K-Fashion Project Spring 2018: Paris Fashion Week
by Lisa Panke
K-FASHION PROJECT PARIS FASHION WEEK SS18
Represented by Totem Fashion.
5 Korean designers were selected from 100 by global fashion experts such as Vogue Korea, TRANOÏ, and Colette. The experts were involved in the screening process and even visited the designer studios in person to focus on their strategies and ability to enter the overseas market.
The goal? Bring these five designers to Paris Fashion Week to show their collections, and be part of a pop-up sales and window display collaboration with Colette, Paris‘s legendary retailer boutique, to gauge the possibility of expanding the business even further.
The designers showed at Palais de la Bourse under the name of “K-Fashion Project in Paris.”
K-Fashion Project: Paris Fashion Week
Kathleen Kye (KYE)
kye paris fashion weekA graduate of London‘s prestigious Central Saint Martins, Kathleen Kye launched her label Kye in 2011. (We wrote about her her VFILES presentation last year.)
Kye’s collection was a noted departure from her jumpsuits and colorful streetwear of last September. While these still made an appearance, the looks included shiny fabrics and big ruffles. Our favorites here were the shiny tracksuit with pleats, and the distressed-edge frock with what appeared to be matching shorts.
Kye has a gift for unexpected combinations that work, and this season was no exception.
Taeyong Ko (Beyond Closet)
Taeyong Ko launched Beyond Closet in 2008, with the goal of reinterpreting the American preppy aesthetic. This season, he presented a very stylized collection that seemed to live somewhere between Band of Outsiders and Hedi Slimane‘s final collection for Saint Laurent, with possibly just a touch of DSquared2. The result? A Streetwear 2.0 collection that could take a fashion-conscious guy from beach to club with aplomb. But our favorite look was the under-dandy first look, with the retro stripes, overlength sleeves, neat valise, and big straw hat.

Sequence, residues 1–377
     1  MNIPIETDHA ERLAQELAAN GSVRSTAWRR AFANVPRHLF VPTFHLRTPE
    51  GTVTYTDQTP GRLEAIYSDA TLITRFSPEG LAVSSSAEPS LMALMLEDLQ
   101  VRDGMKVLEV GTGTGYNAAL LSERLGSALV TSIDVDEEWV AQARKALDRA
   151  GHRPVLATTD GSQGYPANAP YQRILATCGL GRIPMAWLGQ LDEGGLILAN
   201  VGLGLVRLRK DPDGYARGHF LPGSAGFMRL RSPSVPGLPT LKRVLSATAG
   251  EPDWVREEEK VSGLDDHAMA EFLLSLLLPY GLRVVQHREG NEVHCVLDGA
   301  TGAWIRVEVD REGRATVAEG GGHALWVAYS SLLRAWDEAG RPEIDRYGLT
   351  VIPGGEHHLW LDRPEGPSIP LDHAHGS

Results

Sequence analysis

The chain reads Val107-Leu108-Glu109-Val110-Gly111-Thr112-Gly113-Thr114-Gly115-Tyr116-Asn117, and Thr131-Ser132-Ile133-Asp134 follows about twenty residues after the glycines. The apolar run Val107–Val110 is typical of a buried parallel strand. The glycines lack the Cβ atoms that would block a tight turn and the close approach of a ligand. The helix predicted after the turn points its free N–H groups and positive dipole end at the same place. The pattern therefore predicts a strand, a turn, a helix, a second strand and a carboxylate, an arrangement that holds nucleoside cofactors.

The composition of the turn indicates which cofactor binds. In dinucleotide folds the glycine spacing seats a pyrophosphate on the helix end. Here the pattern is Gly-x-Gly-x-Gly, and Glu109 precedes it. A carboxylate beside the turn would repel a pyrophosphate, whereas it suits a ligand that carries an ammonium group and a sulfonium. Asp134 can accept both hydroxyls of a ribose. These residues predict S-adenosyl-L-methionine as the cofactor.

JinHee Moon (Moon J)
JinHee Moon presented a frilly, ruffley collection with stripes and diagonal lines inspired by art. This season, Moon J took inspiration from Umberto Mariani‘s textile works. The sum effect was a collection that looked like modern art, and should appeal to anyone wanting to wear their love of fine art (literally) on their sleeves.
MOON TOOK INSPIRATION FROM UMBERTO MARIANI
BumSuk Choi (General Idea)
Bumsuk Choi, with his trademark beret and sunglasses, is the founder of General Idea. The “phono sapiens” concept (people who live on their phones) is a through concept for the brand.
The collection was an interesting mixture of sporty looks with bold color blocking, big stripes, and psychedelic paisley. The oversized bags and cuts were bold and playful. General Idea seems to express the vision of street kids just on the verge of a revolution.
STREET KIDS ON THE VERGE OF A REVOLUTION
Eunae Cho (Ti:baeg)
Superb is the best word to describe Eunae Cho’s collection. She started her own brand in 2011 after leaving Yonsei University in Seoul and her clothes have since been sold as far afield Los Angeles, Canada, Kuwait, Hong Kong, and Singapore. Ti:baeg is pronounced “Teabag,” and indeed it makes use of tea-leaf prints and green as her signature color. Stridently ignoring gimmicks or high concept, Cho created a gorgeous collection that was beautiful, balanced, attentive to silhouette, and should do superbly at retail, as well.
All the collections shown were manufactured with Korean domestic fabrics and sewing technology under the slogan “Made in Korea, Made for You,” to impress global buyers with the excellence of Korean fashion products.
The show was organized by The Korea Research Institute for Fashion Industry (KRIFI) sponsored by the Ministry of Trade, Industry and Energy.